The second change is to sign every request from a single user with a cookie. It will contain the name of the backend to be used.

After that, the only thing that is left is to tell which backend should be used for a given cookie value.

At this point we should be fine with handling the single user’s messages. But what about broadcasting?

2. Problem #2: Broadcasting

Let’s start with adding a new function to our WebSocket server, so we can send a message to all connected clients at once.

const WebSocket = require("ws");

const wss = new WebSocket.Server({ port: 8080 });

const mockedUsers = [
  {
    id: 1,
    firstname: "John",
    lastname: "Doe"
  }
];

wss.on("connection", ws => {
  ws.on("message", data => {
    const message = JSON.parse(data);

    if (message.type === "get-users") {
      ws.send(JSON.stringify(mockedUsers));
    }

    if (message.type === "broadcast") {
      wss.clients.forEach(client => {
        if (client !== ws && client.readyState === WebSocket.OPEN) {
          client.send(JSON.stringify(mockedUsers));
        }
      });
    }
  });
});

It looks fine. So where is the catch?

The WebSocket Server knows only about clients connected to this specific instance. This means we’re sending a message only to a set of clients, not all of them.

Solution #2: Pub/Sub

The easiest option is to introduce communication between different instances. For example, all of them could be subscribed to a specific channel and handle upcoming messages.

This is what we call publish-subscriber or pub/sub. There are many ready-to-go solutions, like Redis, Kafka, or Nats.

Let’s start with the channel subscription method.

const redis = require("redis");
const subscriber = redis.createClient({
  url: "redis://localhost:6379"
});

const publisher = subscriber.duplicate();
const WS_CHANNEL = "ws:messages";

subscriber.on("message", (channel, message) => {
  console.log(`Message from: ${channel}, ${message}`);
});

subscriber.subscribe(WS_CHANNEL);

publisher.publish(WS_CHANNEL, "my message");

First of all, we need to separate clients for the subscriber and the publisher. That’s because the client in the subscriber mode is allowed to perform only commands related to the subscription, so we cannot use the publish command on that client.

However, we can use a duplicate method to create a copy of a specific Redis client.

After that, we subscribe to a message event. By doing this, we will get any message published on Redis. Of course, we’re also getting information about the channel it was published on.

The last step is to run a publish method to send a message to a specific channel.

And now, onto the last part. Let’s connect it with our WebSocket code.

const WebSocket = require("ws");
const redis = require("redis");

const subscriber = redis.createClient({
  url: "redis://localhost:6379"
});
const publisher = subscriber.duplicate();

const WS_CHANNEL = "ws:messages";
const mockedUsers = [
  {
    id: 1,
    firstname: "John",
    lastname: "Doe"
  }
];

const wss = new WebSocket.Server({ port: +process.argv[4] || 8080 });

subscriber.on("message", (channel, message) => {
  if (channel === WS_CHANNEL) {
    wss.clients.forEach(client => {
      if (client.readyState === WebSocket.OPEN) {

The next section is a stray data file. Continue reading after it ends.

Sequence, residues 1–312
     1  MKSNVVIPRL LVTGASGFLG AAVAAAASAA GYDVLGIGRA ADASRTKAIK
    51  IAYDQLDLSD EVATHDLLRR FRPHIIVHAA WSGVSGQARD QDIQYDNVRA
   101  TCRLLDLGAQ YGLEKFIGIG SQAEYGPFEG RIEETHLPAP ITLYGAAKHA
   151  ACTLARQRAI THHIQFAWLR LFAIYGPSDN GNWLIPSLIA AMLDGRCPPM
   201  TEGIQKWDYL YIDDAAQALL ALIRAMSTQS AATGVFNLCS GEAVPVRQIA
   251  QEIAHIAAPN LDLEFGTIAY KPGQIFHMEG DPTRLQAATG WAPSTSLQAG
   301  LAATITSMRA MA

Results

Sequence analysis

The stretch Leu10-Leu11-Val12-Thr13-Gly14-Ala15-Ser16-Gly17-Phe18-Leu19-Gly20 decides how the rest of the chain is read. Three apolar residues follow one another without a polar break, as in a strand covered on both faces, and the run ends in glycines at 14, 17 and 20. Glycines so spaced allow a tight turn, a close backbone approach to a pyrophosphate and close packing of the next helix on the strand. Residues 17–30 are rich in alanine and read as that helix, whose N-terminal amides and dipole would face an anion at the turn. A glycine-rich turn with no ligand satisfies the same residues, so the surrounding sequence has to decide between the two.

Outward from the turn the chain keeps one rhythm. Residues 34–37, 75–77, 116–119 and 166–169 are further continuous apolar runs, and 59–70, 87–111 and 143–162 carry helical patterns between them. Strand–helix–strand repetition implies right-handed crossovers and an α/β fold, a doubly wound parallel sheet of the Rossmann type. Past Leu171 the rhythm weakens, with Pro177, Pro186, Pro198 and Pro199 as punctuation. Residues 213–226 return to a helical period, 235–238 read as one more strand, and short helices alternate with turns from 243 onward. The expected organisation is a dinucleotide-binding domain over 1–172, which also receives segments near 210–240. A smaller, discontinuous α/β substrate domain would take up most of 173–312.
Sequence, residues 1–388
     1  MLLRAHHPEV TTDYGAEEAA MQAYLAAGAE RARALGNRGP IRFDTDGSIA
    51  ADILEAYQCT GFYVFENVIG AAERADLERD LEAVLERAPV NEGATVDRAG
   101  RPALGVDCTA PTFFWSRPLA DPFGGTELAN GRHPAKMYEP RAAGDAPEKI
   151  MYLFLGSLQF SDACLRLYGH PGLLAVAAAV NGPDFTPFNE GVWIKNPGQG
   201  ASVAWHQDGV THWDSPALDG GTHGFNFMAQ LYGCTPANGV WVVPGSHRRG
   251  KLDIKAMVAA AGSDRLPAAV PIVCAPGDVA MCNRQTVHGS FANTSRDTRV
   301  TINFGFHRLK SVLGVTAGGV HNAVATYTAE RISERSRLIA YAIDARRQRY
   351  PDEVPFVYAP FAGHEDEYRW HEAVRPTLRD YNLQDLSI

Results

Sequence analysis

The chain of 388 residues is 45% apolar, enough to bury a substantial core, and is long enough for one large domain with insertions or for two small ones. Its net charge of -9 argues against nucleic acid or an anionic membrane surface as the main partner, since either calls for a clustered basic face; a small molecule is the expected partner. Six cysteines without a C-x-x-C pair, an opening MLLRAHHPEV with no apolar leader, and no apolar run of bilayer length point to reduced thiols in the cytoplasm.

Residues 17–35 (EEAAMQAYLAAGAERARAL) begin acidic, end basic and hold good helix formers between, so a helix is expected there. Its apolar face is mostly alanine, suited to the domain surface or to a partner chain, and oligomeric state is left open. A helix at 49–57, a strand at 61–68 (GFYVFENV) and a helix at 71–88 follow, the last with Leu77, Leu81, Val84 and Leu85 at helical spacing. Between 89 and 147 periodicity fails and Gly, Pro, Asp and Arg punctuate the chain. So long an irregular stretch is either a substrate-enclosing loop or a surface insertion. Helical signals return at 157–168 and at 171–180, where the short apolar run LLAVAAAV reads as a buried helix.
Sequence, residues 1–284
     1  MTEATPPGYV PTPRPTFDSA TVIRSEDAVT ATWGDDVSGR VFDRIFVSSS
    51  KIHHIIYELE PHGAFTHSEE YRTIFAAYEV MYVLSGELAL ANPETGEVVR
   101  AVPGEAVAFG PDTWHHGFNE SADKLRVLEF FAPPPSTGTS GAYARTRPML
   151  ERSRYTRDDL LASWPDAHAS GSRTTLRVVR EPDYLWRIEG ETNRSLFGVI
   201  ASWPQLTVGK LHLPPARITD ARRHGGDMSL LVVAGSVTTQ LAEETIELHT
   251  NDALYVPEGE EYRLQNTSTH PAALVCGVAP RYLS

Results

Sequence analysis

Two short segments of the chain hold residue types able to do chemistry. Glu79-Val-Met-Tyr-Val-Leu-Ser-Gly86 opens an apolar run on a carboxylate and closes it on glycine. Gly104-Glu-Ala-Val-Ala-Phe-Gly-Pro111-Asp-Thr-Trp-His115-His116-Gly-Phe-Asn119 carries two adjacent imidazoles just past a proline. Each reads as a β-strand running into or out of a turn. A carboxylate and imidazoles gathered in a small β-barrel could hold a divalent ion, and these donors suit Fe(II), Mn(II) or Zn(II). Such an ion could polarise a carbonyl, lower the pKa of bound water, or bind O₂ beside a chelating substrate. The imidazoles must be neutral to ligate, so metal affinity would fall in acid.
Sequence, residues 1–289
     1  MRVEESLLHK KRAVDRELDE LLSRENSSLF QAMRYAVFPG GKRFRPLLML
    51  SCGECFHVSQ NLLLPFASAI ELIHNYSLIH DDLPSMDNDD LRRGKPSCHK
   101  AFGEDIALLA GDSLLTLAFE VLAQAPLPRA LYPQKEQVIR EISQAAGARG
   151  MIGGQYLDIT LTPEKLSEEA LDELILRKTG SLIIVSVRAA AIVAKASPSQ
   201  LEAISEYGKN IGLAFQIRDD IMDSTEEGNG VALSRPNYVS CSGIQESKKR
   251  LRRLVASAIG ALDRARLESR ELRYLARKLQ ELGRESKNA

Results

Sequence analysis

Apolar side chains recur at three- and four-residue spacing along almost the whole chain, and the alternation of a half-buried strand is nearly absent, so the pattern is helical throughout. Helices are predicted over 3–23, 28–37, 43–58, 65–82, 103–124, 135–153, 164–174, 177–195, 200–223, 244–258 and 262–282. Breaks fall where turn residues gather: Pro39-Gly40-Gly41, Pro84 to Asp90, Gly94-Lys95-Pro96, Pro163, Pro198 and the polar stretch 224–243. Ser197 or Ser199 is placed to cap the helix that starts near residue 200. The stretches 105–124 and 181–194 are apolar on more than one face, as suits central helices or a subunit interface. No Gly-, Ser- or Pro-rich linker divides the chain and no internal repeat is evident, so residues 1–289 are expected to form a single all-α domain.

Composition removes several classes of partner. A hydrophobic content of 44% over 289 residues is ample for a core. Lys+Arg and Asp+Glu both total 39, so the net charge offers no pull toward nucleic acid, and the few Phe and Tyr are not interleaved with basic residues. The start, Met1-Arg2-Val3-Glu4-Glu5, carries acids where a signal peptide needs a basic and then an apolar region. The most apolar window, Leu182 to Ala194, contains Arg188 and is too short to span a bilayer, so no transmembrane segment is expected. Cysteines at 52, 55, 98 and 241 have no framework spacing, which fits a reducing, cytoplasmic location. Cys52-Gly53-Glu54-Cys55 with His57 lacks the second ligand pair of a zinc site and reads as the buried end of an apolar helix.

client.send(message);
      }
    });
  }
});

wss.on("connection", ws => {
  console.log("new connection");
  ws.on("message", data => {
    const message = JSON.parse(data);

    if (message.type === "get-users") {
      ws.send(JSON.stringify(mockedUsers));
    }

    if (message.type === "broadcast") {
      publisher.publish(WS_CHANNEL, JSON.stringify(mockedUsers));
    }
  });
});

subscriber.subscribe(WS_CHANNEL);

As you can see, instead of sending messages to the WebSocket client right now, we’re publishing them on a channel and then handle them separately. By doing this, we’re sure that the message is published to every instance and then sent to users.


III. Best practices

Handling failover

Another benefit of using a pub/sub broker to coordinate your WebSockets is that now it’s possible to easily handle failover.

When a client is connected to a WebSocket server, and that server falls over, the client can open a connection through the load balancer to another WebSocket server. The new WebSocket server will just ensure that there is a subscription to the pub/sub broker for the data that the WebSocket client is interested in and start piping through changes on the WebSocket when they occur.

Avoid Data Duplication

One thing to take into consideration when a client reconnects is making the client intelligent enough that it sends through some sort of data synchronization offset, probably in the form of a timestamp, so that the server doesn’t send it all the data again.

If every update is time stamped, the clients can easily store the latest timestamp that they received. When the client loses the connection to a particular server, it can just reconnect to your websocket cluster (through your load balancer) by passing in the last timestamp that it received and that way the query to the DB can be built up so that it’ll only return updates that occur after the client last successfully received updates.

In lots of applications, it might not be that important to worry about duplicates going down to the client. But even then, it might be a good idea to use a timestamp approach to save both your resources and the bandwidth of your users.


Conclusion

Building a websocket service running on one server is relatively easy. The challenge is to build a service that can be scaled horizontally for load sharing and fault tolerance.

WebSocket horizontal scaling is not a trivial task. You cannot just increase the number of instances, because it won’t work right away. However, with the help of a few tools, we are able to build a fully scalable architecture. All we need is a load balancer (such as HAProxy, Traefik or even Nginx) configured with a sticky-session and messaging system (Kafka, Nats, Redis, …).

See you in future posts!

Share This: